If the high court rules that the contract is valid, such a declaration would be a slap on the President. On the other hand, if the tribunal voids the contract, some sectors are liable to complain that the high court was influenced by Malacanang.

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EUROPEANS WORRIED: The tainted, tangled Terminal-3 transaction has spooked the European business community, already stung by the European Community’s closure of its embassy in Manila owing to reported terrorist threats.

The European business sector is particularly concerned about the cases of Piatco and the Manila Electric Co. The utility film is also caught in a judicial bind, having been found by the SC to have “overcharged” its more than three million customers by P28 billion in billings.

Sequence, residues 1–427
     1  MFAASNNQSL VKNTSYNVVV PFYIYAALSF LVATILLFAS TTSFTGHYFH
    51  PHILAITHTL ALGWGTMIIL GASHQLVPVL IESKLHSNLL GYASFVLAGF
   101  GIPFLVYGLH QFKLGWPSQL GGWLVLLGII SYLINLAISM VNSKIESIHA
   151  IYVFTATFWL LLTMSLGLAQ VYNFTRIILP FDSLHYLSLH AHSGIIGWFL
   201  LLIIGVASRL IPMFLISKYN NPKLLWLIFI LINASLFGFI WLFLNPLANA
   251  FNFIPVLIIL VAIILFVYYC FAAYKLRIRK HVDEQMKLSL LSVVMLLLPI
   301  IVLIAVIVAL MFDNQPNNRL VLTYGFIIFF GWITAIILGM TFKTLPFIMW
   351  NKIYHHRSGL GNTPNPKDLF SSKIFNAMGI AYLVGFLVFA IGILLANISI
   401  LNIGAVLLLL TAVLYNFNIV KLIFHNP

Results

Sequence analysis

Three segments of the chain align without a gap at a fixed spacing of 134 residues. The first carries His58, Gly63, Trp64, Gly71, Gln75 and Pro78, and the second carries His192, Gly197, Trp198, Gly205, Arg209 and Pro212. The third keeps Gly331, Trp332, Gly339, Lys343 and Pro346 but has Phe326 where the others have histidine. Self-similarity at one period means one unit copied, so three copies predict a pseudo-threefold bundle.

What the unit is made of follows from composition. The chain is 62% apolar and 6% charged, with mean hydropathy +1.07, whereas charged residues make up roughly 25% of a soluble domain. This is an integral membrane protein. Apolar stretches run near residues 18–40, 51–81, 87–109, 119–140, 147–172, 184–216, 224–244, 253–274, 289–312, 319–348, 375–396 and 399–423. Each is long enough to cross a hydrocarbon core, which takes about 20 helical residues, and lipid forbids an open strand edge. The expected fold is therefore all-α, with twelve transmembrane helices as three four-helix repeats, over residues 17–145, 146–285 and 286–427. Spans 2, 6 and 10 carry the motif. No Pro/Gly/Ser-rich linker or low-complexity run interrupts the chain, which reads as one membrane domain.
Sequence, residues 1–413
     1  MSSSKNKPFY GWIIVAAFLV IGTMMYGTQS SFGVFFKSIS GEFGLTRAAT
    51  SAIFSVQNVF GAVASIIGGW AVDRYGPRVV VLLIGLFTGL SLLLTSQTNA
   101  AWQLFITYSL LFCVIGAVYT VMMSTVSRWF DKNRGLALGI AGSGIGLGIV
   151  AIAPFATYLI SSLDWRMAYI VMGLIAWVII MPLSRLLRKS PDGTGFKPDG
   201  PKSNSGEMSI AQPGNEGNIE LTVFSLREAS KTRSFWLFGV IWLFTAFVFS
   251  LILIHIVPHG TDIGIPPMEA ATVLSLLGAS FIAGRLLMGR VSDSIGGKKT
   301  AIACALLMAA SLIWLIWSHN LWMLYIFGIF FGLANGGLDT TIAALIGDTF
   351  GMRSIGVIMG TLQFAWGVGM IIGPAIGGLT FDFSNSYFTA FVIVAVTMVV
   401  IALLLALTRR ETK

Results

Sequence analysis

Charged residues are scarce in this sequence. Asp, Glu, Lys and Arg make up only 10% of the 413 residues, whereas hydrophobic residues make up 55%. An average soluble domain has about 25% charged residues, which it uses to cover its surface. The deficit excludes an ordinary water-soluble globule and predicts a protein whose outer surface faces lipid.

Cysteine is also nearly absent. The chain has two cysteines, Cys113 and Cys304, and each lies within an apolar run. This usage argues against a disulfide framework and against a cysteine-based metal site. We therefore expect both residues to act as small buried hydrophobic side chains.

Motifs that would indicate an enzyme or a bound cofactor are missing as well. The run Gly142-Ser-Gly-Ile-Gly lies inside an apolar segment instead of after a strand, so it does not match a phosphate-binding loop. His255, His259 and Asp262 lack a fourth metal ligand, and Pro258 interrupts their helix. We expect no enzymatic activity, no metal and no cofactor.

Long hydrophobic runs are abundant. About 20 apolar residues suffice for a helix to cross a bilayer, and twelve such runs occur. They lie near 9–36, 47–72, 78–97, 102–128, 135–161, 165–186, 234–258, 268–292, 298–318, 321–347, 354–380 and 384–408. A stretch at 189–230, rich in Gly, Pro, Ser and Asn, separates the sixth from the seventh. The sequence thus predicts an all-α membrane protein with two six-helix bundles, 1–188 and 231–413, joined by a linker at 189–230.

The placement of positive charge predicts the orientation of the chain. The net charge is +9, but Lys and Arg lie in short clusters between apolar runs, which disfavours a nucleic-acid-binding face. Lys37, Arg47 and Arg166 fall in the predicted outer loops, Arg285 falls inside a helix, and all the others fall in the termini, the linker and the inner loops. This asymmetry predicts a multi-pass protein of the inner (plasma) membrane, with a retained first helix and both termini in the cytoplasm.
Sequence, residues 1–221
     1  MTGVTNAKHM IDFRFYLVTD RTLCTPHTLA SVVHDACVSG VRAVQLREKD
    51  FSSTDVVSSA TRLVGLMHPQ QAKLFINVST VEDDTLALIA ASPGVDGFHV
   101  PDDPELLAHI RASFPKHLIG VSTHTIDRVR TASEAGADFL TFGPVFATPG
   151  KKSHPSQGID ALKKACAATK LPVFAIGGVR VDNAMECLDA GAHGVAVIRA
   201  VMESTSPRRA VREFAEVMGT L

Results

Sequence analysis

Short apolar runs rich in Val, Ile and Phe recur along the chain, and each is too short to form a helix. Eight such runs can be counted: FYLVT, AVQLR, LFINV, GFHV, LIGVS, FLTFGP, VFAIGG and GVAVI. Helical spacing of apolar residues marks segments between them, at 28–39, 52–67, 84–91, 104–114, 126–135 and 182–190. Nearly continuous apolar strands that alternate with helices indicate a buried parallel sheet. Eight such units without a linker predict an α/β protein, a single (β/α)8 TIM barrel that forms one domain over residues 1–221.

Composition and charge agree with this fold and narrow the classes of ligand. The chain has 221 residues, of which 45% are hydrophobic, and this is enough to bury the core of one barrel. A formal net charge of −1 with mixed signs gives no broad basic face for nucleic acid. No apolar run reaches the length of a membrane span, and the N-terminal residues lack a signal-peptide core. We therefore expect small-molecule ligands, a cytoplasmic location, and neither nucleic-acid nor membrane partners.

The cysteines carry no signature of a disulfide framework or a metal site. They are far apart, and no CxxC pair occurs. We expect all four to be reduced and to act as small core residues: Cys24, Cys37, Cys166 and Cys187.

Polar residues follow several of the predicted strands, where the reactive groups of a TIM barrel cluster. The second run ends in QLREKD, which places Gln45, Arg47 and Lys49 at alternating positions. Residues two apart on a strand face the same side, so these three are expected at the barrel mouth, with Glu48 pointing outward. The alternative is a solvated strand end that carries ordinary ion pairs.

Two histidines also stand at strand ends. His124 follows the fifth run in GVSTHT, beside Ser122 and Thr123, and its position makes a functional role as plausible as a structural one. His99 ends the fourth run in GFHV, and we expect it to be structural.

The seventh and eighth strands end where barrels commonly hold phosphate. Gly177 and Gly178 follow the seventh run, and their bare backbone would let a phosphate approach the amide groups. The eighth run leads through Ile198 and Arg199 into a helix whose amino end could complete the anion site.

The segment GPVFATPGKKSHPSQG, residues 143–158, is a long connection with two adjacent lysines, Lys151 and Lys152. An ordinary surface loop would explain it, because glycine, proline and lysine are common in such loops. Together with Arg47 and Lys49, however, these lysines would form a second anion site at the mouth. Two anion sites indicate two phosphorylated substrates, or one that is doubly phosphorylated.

In both enterprises, the key foreign investors involved are Europeans. Meralco has Spanish firm Union Fenosa as a minority investor, while Piatco has Fraport AG of Hesse, Germany. The bulk of the money sunk into Naia-3 reportedly came from Fraport.

European Chamber of Commerce and Industry executive vice president Henry Schumacher, a German, said foreign investors were concerned over the SC’s “meddling” in what should be strictly a private business matter.

“Investors put in money on the assurance that they will get a reasonable return on their investments,” he said, adding that an investor’s guaranteed ROI through a fixed formula is a normal business practice. “Such formula should not be changed in midstream.”

The ECCI official expressed optimism that the problem will be solved amicably and that the investors will be able to recoup their capital.

“The European business sector is hoping that Fraport, which has put in about 90 percent of the money in building the new airport terminal will be able to get a return on its investments,” Schumacher said.

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(First published in the Philippine STAR of December 10, 2002)